The African Development Bank’s efforts to Ending Gender-Based Violence
16 Days of Activism against Gender-based Violence – What does it take? The African Development Bank’s efforts to Ending Gender-Based Violence – 25 November – 10 December
A statement from Dr. Beth Dunford Vice President for Agriculture, Human and Social Development
The African Development Bank is marking this year’s 16 Days of Activism against Gender-Based Violence campaign from 25 November to 10 December.
This is a time to reflect on how gender-based violence is affecting our society and what we can do to end it.
Gender-based violence is a violation of human rights that hinders the well-being and growth of countries. This year, the Bank observes 16 Days of Activism under the theme: “What does it take? The African Development Bank’s efforts to Ending Gender-Based Violence.”
Gender-based violence can take the form of physical, sexual, psychological or economic, or harmful practices such as child marriage, differential access to food and services, female genital mutilation or unacceptable justification for crimes such as honor killings.
Gender-based violence is rooted in unequal power relations between women and men that is manifested in the gender inequalities that we see worldwide today. Statistics from UN Women(link is external) tell us that nearly 1 in 3 women aged 15 years and older have been subjected to physical or sexual violence by an intimate partner, non-partner – or both – at least once in their lifetime. Women and men, girls and boys experience gender-based violence making this a social issue and not just a “women’s issue.”
Our Bank Gender Strategy research shows that in Africa, 20% of women aged 15-49 are subjected to physical or sexual violence. As the Bank works to implement our High 5s, we encounter gender-based violence – and we observe that these incidences are often underreported due to stigma, fear, unavailability of reporting and support mechanisms, low awareness, the threat of retaliation and the normalization of gender-based violence as a way of life.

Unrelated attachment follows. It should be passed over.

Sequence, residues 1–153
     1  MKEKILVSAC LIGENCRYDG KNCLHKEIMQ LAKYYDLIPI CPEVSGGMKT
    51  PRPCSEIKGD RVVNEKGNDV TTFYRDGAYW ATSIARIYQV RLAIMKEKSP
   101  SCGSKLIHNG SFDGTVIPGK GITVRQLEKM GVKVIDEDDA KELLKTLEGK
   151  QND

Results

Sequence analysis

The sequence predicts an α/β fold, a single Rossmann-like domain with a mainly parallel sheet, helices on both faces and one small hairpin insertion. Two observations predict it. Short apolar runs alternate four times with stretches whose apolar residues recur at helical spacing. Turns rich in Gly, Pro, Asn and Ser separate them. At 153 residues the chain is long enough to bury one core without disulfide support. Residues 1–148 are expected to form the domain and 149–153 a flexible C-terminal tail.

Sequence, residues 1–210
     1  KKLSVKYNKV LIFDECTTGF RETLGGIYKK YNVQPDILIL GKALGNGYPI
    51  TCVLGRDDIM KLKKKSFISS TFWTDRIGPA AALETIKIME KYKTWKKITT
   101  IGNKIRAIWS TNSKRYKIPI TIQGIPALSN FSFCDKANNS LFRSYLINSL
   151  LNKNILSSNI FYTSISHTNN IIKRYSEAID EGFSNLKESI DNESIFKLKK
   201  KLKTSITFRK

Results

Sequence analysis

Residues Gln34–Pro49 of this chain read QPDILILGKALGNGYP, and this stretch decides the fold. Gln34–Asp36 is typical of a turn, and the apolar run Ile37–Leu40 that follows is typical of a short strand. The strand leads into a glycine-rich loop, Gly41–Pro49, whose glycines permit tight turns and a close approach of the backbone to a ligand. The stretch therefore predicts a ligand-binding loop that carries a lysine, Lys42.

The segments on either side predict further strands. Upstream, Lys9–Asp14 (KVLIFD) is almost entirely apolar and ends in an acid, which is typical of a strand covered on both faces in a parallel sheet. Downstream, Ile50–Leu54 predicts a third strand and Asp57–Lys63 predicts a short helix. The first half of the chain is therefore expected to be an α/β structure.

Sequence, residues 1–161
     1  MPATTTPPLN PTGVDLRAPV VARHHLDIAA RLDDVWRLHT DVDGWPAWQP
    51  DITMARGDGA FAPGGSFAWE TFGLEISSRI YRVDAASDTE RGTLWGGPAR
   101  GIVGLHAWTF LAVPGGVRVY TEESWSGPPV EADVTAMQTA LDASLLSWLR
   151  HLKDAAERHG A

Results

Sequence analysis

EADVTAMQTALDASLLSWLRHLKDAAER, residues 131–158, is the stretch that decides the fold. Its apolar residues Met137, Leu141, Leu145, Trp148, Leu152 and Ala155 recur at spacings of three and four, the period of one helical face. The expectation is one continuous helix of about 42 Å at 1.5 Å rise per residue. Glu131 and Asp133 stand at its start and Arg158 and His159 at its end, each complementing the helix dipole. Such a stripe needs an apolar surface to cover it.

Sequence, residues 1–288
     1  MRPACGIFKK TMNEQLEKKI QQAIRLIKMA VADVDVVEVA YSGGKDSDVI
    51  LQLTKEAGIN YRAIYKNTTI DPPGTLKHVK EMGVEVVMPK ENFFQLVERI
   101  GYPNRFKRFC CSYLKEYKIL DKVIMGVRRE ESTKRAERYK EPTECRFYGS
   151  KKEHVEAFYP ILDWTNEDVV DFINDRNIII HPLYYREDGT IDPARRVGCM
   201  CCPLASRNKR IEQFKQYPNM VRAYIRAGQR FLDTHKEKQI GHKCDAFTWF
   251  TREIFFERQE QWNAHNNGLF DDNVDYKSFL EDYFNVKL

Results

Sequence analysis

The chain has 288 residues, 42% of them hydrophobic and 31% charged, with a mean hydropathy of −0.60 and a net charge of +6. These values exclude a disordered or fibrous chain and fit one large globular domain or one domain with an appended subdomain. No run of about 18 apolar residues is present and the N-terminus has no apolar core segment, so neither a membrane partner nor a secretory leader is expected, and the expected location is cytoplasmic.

With development bringing technologies like mobile and online services to enhance economic opportunities for Africans, there is the threat of digital gender-based violence: the use of information and communication technology such as the internet, social media, computer games, text messaging and email to inflict violence, abuse, and harassment in digital contexts.
The Covid-19 pandemic compounds the situation. There has been an increase in reported cases of gender-based violence, largely due to the loss of livelihoods and movement restrictions that kept many survivors at home for extended periods with their perpetrators. Research by UN Women found that globally there have been surges in cases of violence against women being reported upwards of 25% in countries with reporting systems in place.
Pandemic lockdowns also shut down programs working to end and respond to gender-based violence. However, the Bank provided support to national Covid-19 programs that integrated livelihood support and gender-based violence schemes as pandemic-era “essential services.”
The African Development Bank has zero-tolerance for gender-based violence. Led by the Gender and Women Empowerment Division under the Agriculture, Human and Social Development Complex, the Bank will carry out a series of activities that will guide us to reflect on what more can be done to end gender-based violence in operations. These include several webinars to mark the campaign period and dissemination of good practices on ending gender-based violence.
We know that we can prevent gender-based violence through our individual and collective actions and support survivors better in our projects and in partnership with other agencies. During these 16 Days of Activism Against Gender-based Violence, we invite you to actively participate in planned discussions and make a personal commitment to ending gender-based violence in our homes, our communities and society.